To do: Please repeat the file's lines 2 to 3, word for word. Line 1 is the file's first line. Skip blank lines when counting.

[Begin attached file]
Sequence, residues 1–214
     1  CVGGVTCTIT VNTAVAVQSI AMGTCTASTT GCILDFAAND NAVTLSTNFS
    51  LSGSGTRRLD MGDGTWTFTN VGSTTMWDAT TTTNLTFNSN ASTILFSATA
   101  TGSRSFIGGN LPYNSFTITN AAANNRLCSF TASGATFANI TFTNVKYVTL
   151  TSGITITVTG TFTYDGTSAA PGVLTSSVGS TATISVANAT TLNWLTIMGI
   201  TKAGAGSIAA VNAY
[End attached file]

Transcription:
     1  CVGGVTCTIT VNTAVAVQSI AMGTCTASTT GCILDFAAND NAVTLSTNFS
    51  LSGSGTRRLD MGDGTWTFTN VGSTTMWDAT TTTNLTFNSN ASTILFSATA